Nathan Fake: Steam Days / Paean (Border Community)
Nathan Fake has always wandered the outer perimeter of dance music. Along with Luke Abbott and label boss James Holden, he has a very particular sensibility that seems to have one foot firmly planted in woozy, otherworldly sounds while the other is often busy tapping on the dancefloor. Rumor has it (via the internet, at least) that Fake recorded loads of material using hardware and then pared it down to these 11 tracks — they work so well together that I’d never have known that it wasn’t a concise opus of work. Steam Days highlights his split attention to these two worlds quite well, starting off with “Paean,” an anti-anthem of sorts, with portamento synths weaving in and out of one another while the rhythm section maintains an off-kilter groove. This contrast between the dancefloor and less predictable sounds continues throughout Steam Days. That he recorded much of the album using vintage and hardware gear is not surprising; it lends the music an unusually timeless quality. It also makes much of the music sound looped, but not in a way that’s tedious — instead, it’s reliably cyclical and works in layers, adding on and then gradually subtracting. “Iceni Strings” is such a track, with its galloping bass synth triplets and sweeping pads building and dissipating. (I did a write-up of the Iceni Strings EP that preceded the album here.) The timeless quality of these tracks strikes me in that they seem to simultaneously reference all sorts of older music (Warp’s Artificial Intelligence era, old LFO, Drexciya, and more) without sounding merely like homage. There’s something about it that sounds exciting and vibrant and new to me, too — maybe just that my ears are delighted by newly hearing it every time. Most tracks have a darker, melancholy melodic center amidst any of the dancefloor compatibility enabled by the rhythm section, which is perhaps what makes Steam Days resonate for me. He occasionally showcases that mood front and center on a track like “Rue,” where the beats subside and let dreamy synth pads do the heavy lifting, but in many cases it’s not so obvious. “Neketona” has an urgency about it that’s both insistent but wistful, while closer “Warble Epics” lives up to its name with a bit of a rock n’ roll beat to complement its dire, descending chord changes… it’s a track that would sound right at home under any Thom Yorke project name. The album is a stunner that may take time to grow on you. Give it a chance and you won’t be disappointed. Surely this album scores high among the musical highlights of 2012.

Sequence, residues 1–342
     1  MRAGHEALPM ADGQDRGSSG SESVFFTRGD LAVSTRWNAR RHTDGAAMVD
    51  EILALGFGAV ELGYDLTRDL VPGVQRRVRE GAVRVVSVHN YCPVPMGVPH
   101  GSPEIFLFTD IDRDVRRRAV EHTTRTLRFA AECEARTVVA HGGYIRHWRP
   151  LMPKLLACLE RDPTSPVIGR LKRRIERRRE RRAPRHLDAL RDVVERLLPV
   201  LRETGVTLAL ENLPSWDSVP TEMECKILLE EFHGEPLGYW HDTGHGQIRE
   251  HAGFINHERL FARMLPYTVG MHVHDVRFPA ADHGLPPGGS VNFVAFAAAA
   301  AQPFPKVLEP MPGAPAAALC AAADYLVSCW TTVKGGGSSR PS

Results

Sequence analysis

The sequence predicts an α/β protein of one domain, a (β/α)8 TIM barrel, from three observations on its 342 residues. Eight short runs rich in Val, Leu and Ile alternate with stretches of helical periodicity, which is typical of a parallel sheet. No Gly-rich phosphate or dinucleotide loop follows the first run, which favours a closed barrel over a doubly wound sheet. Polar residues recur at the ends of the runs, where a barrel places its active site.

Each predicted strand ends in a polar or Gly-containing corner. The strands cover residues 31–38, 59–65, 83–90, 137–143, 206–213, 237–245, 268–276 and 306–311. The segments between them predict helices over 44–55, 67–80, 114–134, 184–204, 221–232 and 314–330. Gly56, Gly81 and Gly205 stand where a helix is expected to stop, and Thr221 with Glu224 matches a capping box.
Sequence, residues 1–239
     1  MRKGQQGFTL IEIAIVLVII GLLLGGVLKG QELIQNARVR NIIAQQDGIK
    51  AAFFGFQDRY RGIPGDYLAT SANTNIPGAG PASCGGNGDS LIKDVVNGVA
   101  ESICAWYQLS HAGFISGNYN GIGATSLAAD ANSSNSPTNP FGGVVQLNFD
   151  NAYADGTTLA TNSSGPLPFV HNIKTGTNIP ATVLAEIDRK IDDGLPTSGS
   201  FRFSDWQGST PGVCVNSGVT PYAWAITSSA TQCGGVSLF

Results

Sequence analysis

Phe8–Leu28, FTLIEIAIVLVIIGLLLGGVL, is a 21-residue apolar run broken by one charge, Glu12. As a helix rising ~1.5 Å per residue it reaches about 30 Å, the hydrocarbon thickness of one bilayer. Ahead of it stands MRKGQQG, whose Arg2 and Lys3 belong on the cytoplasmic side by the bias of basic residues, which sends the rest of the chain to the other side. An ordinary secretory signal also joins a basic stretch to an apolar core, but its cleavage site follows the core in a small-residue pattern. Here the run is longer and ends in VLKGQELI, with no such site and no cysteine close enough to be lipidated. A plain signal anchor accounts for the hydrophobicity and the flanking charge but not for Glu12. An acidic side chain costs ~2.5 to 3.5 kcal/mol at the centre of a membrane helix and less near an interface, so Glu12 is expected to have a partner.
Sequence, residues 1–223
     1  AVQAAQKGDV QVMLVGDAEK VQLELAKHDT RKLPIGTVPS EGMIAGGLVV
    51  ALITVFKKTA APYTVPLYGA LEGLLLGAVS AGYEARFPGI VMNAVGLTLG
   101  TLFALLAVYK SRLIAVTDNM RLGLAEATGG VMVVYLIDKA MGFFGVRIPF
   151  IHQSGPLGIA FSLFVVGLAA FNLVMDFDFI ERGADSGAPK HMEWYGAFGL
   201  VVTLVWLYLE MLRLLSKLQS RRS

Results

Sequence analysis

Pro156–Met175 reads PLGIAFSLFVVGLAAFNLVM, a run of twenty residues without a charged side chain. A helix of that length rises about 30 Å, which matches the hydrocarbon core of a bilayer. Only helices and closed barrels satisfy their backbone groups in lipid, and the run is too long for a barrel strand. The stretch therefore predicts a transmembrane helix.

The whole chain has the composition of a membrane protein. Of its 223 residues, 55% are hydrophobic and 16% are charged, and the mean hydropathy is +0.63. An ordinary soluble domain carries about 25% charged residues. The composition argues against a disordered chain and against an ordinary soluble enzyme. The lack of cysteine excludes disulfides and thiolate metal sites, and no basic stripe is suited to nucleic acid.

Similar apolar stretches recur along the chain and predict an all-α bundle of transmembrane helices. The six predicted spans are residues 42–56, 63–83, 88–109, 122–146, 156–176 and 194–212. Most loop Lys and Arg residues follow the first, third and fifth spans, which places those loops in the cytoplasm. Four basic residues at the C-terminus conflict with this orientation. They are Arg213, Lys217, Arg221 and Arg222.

“Paean” more recently got the remix treatment on an EP. Lone applies his signature sound to the source material, lifting the soaring melodic refrain and recontextualizing it in a more uplifting dancefloor context. What it lacks in the mystique of the original, it makes up for in beaming optimism. Lukid turns in the other remix, focusing on the grittier, textural side of things, with a 1-2 punch of distorted, pitched bass kicks leading the way. Lukid more or less discards any of the musical ideas of the original and instead recycles sounds in new ways that are dustier, grimier, dirtier. Both takes are interesting in different ways, although neither outdoes the majesty of the original.